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Student Activists Under Attack at City College of New York

for Honoring Black and Puerto Rican Liberation Heroes
by Brad Sigal |
December 18, 2006
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Door to The Morales / Shakur Community and Student Center
The Morales / Shakur Community and Student Center in the NAC Building at City College of New York. The sign with the center's name and the photo of Assata Shakur above the door was removed by the CCNY administration on December 14. (Fight Back! News/Staff)
Picture: This Space was won through struggle
"This Space Was Won Through Struggle" on the wall inside the Morales / Shakur Community and Student Center in the NAC Building at City College of New York.

New York, NY - The New York Police Department is on the defensive because of mass outrage over the police’s murder of Sean Bell. Bell, a 23-year old unarmed African American man was killed by the NYPD in a hail of 50 bullets Nov. 25 a few hours before he was going to be married. His murder has sparked large protests against racist police brutality.

The Morales / Shakur Community and Student Center in the NAC Building at City College of New York. The sign with the center's name and the photo of Assata Shakur above the door was removed by the CCNY administration on December 14.

Two weeks later, the right-wing New York Daily News tried to create a diversion from the issue of racist police brutality by attacking student activists at the City College of New York (CCNY), accusing them of promoting “cop killers” and “terrorists.” On Dec.12 the Daily News ran a cover story and editorial attacking CCNY’s Guillermo Morales/Assata Shakur Community and Student Center, a student-run activist space on the flagship Harlem campus of the City University of New York (CUNY). The Daily News editorial demanded that Shakur and Morales’s names be removed from the Center.

The Center is named for former Black Panther leader Assata Shakur and Puerto Rican revolutionary nationalist Guillermo Morales. They were both students at CCNY in the 1960s that dedicated their lives to the liberation of Black and Puerto Rican people. Both were imprisoned in the 1970s and escaped and fled to Cuba, where they currently live in exile. Assata’s 1987 autobiography has inspired countless people to join the struggle for Black liberation.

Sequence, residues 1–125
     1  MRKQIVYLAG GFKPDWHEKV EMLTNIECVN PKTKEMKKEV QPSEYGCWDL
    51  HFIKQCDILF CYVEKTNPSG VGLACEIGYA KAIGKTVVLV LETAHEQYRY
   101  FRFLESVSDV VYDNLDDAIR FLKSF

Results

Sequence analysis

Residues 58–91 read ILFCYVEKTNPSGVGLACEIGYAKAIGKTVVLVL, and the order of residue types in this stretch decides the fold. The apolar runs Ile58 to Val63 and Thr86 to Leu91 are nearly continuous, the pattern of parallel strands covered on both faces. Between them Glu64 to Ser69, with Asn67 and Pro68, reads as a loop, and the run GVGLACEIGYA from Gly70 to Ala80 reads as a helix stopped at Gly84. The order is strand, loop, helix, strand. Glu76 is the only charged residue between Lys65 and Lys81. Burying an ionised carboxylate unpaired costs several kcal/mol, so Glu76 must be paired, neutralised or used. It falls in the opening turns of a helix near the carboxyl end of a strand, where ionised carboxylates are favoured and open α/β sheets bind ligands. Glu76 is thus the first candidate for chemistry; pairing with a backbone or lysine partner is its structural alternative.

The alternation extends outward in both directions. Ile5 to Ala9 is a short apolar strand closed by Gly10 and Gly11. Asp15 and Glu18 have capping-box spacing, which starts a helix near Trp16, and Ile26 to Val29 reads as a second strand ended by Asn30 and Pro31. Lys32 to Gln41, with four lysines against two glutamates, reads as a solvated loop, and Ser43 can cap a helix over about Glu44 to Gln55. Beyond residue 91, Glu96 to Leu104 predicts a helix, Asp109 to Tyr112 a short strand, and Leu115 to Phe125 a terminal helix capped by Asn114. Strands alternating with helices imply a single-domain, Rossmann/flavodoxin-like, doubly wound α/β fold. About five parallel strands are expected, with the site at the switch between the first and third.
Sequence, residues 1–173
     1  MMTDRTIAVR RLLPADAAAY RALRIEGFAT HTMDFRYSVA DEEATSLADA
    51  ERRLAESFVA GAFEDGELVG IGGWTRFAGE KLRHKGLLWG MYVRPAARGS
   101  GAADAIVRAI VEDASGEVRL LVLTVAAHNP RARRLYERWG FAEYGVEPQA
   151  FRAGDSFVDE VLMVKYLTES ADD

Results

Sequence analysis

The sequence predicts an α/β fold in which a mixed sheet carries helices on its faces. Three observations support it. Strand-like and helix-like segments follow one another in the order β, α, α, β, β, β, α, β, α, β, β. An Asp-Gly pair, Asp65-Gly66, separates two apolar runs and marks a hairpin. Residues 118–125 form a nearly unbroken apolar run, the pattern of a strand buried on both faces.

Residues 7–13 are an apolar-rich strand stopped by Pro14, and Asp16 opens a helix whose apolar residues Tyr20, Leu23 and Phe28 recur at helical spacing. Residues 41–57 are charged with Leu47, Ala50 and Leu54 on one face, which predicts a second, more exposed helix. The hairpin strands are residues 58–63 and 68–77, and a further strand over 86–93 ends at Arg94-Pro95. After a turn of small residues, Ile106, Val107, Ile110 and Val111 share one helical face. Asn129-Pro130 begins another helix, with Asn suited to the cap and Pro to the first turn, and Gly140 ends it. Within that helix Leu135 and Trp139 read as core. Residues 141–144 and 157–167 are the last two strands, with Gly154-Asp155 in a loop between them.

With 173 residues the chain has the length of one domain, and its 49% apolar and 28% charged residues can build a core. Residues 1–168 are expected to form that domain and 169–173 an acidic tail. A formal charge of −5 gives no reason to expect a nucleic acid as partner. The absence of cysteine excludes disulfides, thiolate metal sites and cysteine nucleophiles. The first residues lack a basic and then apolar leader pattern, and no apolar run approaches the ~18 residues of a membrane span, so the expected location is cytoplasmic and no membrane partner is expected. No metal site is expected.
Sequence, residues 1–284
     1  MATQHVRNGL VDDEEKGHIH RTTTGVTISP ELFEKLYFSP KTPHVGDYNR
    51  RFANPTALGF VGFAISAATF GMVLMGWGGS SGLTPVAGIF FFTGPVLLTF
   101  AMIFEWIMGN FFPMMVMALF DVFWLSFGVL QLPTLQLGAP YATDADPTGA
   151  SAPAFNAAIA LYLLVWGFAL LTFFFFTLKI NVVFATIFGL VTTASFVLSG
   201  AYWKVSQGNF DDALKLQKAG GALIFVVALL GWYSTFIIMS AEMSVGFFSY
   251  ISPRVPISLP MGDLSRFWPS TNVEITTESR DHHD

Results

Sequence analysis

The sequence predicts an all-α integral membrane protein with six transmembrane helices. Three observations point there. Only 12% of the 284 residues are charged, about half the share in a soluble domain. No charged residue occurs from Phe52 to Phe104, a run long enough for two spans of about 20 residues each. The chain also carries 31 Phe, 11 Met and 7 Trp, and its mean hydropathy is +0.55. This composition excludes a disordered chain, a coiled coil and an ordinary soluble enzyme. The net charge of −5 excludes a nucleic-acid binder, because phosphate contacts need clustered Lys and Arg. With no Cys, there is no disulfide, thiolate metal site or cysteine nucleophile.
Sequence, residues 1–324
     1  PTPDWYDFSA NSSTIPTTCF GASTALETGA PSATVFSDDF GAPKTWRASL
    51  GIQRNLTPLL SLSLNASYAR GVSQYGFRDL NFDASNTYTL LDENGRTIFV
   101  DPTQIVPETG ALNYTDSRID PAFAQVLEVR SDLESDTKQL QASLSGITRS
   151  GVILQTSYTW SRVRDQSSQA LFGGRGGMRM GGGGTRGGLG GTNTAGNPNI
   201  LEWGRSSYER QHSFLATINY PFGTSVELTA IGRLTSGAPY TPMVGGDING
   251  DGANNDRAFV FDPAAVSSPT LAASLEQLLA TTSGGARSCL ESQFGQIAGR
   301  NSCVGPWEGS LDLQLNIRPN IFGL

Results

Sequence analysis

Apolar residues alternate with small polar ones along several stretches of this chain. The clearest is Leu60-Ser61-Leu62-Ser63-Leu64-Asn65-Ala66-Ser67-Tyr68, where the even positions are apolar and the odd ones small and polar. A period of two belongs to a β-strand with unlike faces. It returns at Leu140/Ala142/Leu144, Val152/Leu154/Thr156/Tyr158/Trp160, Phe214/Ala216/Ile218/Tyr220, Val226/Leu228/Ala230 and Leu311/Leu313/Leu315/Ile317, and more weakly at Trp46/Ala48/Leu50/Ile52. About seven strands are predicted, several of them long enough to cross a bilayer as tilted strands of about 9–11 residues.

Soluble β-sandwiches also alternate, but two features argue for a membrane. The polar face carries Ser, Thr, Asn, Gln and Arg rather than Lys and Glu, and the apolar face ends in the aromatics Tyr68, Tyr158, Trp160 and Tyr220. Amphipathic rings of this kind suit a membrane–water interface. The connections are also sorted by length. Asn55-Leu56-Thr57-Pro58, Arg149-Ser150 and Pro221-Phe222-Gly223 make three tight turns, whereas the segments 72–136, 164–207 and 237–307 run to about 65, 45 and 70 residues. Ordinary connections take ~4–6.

When the Daily News article came out, the CUNY administration quickly joined in the attack on the student activists. CUNY Chancellor Matthew Goldstein released a statement saying that the CUNY Board of Trustees never authorized naming the center after Shakur and Morales. He demanded the immediate removal of the sign bearing their names.

The Center has been named after Shakur and Morales for its 17 years of existence. Students won use of the space as a result of the 1989 CUNY student strike against a proposed tuition increase. Ydanis Rodriguez, a leader in the 1989 student strike and a leader of the Center’s community projects, states, “In 1989 when we ended our organizing movement against the tuition increase proposed by Governor Mario Cuomo, we were able to persuade the governor not to increase tuition. At the end of that movement, as part of the negotiation, we got that space to use as a student and community center. The center has been a very important place at City College because this is a real link between the university and the surrounding community, especially Harlem, Washington Heights and El Barrio.”

When the Daily News article came out, the City College administration asked the students to remove the sign themselves. The students responded immediately with a press statement saying they would not remove Shakur and Morales’s names from the Center. They expressed support for Shakur and Morales, who they said are freedom fighters for the liberation of Black and Puerto Rican people. In defense of Assata Shakur, the students’ statement said, “We know that many Black people who fought for better conditions in the 1970s were framed. We consider Assata Shakur to be one of the people who were wrongfully and purposefully framed for her activities. And we consider her a hero and role model for standing up for our people and putting her life on the line.”